Christmas Bara Brith

On the second bake of a Welsh Christmas I made a Christmas Bara Brith.

This week I have made up my own Christmas Bara Brith recipe.  In Welsh Bara Brith means speckled bread and the speckles are the mixed fruits added to the bread mixture.  As this is a Christmas Bara Brith I have added dried cranberries and brandy

Bara Brith takes two days to make as the fruit is soaked in black tea and brandy for a day.  Once the fruit has been soaked,  flour, mixed spice and egg is added to the fruit and then put into to a bread tin and then baked in the oven for 90minutes.  The Bara Brith is cooked when a skewer is inserted in the middle of the Bara Brith and if it comes out clean it is ready to come out of the oven.

Ingredients

200g Cranberries

450g Dried Mixed Fruit

150ml black tea

150ml brandy

450g Self Raising Flour

250g Brown sugar

3tsp Mixed Spice

1 Lightly Beaten Egg

Soak the fruits in a bowl overnight with the black tea and brandy.  When the fruit has been soaked add the sieved flour, brown sugar, mixed spice and egg to the fruits.  If your mixture is slightly hard to mix add a bit more tea.  When the mixture has been mixed together place in a lined loaf tin and bake in the oven for 90 minutes.

Bara Brith tastes even nicer when it is a couple of days old so cover in bread foil and store for a couple of days before slicing it and serving with butter.

History says that bBara Brith was the last loaf put into  the oven at the end of the weekly bake, adding the fruit to the bread dough made it taste nicer IMG_3738

Pwdin Nadolig – Christmas Pudding

Ive decided to do twelve bakes of christmas and to add a little twist (as I’m Welsh) they are going to be based on Welsh recipes so between now and Christmas my baking theme will be the twelve bakes of a Welsh Christmas.

On the first bake of Christmas I made a Christmas pudding.  I used Mrs Beeton’s recipe for a Christmas plum pudding (recipe number1328).  Mrs Beeton’s recipes were very popular in Wales at the begining  of the 20th century.

This is an old recipe and you have work out some of the funny instructions like stone the raisins.  We don’t have stones in raisins anymore and the candied peel is sliced so I didn’t have to slice it as the recipe said.

It is usual to make the pudding before Christmas so that the pudding has time to  age which means the flavours taste better.

Once all the ingredients have been mixed together they are placed in a bowl a and covered with grease proof paper and tin foil to stop the water getting into the pudding when they are being steamed.  Mrs Beeton’s recipe said to cover the puddings with a floured cloth but I think thats because tin foil was not available or it was very expensive item to buy.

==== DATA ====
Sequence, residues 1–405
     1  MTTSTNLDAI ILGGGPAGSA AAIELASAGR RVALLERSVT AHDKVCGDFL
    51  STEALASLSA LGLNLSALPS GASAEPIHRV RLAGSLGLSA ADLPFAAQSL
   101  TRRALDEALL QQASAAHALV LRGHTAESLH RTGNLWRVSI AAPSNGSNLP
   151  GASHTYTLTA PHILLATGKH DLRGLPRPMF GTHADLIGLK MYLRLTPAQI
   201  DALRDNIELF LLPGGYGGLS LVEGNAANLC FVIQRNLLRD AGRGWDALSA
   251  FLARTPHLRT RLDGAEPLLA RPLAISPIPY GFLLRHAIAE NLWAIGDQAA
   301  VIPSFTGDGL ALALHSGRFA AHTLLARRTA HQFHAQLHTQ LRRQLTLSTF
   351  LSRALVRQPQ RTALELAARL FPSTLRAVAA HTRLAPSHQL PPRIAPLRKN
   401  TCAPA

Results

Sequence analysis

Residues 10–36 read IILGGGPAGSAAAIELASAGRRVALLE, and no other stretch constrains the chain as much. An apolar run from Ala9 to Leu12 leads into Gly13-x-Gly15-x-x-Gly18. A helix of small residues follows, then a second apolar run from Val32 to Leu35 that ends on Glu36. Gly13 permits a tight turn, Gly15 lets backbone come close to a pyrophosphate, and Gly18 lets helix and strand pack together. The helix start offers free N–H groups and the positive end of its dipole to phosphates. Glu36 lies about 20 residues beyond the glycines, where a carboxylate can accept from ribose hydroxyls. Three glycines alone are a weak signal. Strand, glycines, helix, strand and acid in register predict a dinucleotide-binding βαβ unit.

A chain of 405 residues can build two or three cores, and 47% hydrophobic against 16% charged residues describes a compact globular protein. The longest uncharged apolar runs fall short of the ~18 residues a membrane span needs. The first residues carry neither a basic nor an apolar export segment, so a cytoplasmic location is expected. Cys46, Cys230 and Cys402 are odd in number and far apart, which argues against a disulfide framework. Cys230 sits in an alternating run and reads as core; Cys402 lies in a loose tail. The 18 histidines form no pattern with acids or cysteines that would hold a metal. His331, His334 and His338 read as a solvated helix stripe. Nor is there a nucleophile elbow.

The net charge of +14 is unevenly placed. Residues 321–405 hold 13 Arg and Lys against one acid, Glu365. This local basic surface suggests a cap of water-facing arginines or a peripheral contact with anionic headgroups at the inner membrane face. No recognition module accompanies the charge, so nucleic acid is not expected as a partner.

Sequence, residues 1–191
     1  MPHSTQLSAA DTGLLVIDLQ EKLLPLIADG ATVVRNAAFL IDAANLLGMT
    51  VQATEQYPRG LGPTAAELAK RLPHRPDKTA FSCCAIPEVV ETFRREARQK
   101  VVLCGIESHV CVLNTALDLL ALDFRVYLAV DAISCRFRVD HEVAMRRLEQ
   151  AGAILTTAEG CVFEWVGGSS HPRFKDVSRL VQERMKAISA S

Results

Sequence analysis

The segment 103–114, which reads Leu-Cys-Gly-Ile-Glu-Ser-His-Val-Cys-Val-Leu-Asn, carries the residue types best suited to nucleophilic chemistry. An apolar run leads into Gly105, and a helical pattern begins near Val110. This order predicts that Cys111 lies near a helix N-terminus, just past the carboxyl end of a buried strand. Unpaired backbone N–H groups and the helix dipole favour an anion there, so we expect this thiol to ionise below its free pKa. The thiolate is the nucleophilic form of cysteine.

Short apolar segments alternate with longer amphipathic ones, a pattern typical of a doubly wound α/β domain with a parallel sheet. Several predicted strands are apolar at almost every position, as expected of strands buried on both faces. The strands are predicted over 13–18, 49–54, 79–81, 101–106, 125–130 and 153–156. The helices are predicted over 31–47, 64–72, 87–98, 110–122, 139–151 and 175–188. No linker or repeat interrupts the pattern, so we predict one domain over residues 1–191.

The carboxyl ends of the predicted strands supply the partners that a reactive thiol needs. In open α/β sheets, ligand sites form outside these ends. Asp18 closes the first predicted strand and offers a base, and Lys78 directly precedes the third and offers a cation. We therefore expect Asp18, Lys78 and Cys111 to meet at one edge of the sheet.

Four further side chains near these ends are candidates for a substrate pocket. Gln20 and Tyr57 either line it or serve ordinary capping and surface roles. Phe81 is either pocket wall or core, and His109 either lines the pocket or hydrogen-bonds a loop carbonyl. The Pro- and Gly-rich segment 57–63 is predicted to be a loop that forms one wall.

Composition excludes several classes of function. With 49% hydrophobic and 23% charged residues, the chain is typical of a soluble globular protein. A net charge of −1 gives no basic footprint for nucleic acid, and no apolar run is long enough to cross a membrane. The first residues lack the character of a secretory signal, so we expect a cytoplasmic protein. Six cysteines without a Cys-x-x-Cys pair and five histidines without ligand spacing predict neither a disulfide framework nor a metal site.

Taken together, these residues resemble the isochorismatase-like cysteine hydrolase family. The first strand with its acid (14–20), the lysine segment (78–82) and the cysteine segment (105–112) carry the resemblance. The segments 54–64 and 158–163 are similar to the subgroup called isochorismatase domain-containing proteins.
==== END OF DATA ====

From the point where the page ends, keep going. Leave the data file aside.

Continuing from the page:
The puddings are steamed for five hours and then they are left till christmas day when they are steamed for another 2 hours before being served.

This was a fun bake although it was hard work as you have to keep an eye on the pudding while it is steaming and five hours is a long time.

It is traditional to put a small coin in the pudding mixture and the lucky person who gets the coin will get good luck for the year. IMG_3663

Truffles

This week I decided to make truffles.

I made these because I liked the ganache I used in my bake last week and that is exactly what a truffle is made from.

I made two types of truffles, chocolate truffles rolled in coco powder and Oreo truffles made from crushed Oreo’s and cream cheese mixed together, then shaped into a ball and when cooled they are then covered in melted chocolate and left to set.

To make a ganache heat double cream until it is hot but not boiling. Then pour the cream over the prepared finely chopped chocolate.  Stir up the mixture until it is  fully combined then place in the fridge to set.  You must make sure it hasn’t set too hard as you need be able to be roll the ganache into balls without it melting in your hands.  This can sometimes take up to a day to set.

When the ganache is ready roll them into small balls and then cover each ball in coco powder.

When you’ve finished keep them in the fridge to store that is if you didn’t eat them all like I nearly did!

Did you know:-

Butter is sometimes added to the ganache to give it a shiny finish.

Next week I’m going to start my twelve bakes of Christmas.

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Chequered Chocolate Ganache Cake

As I did my fiftieth blog last week and it is also my aunty’s birthday today I decided to celebrate by doing a showstopper cake from Mary Berry’s Showstoppers cook book.  I have chosen to do a chocolate chequered ganache cake.  Mary Berry says and it says it is not as difficult as it looks.

To get the chequered look you have to split the cake mixture up into three tins but it’s not just about putting cake mixture into a tin you have have pipe the mixture into the tins switching between a chocolate and a plain mix.

Making the cake was not the hardest bit but getting the chocolate swirls that went on top of the cake was really hard.  My first attempt ended up with no swirls and big blob of chocolate on the work surface.  After I cleaned up my first mess I then tried again and this time I got got some great twirls.

The cake is filled with a ganache and the outside is also covered with a ganache.  A ganache is made from chocolate and cream.  Some people say Ganache came from Switzerland and was used for making truffles and other people say it came from France where it was used for cakes.

I really enjoyed this bake and the best bit was when my aunty cut into the cake and saw the checks.

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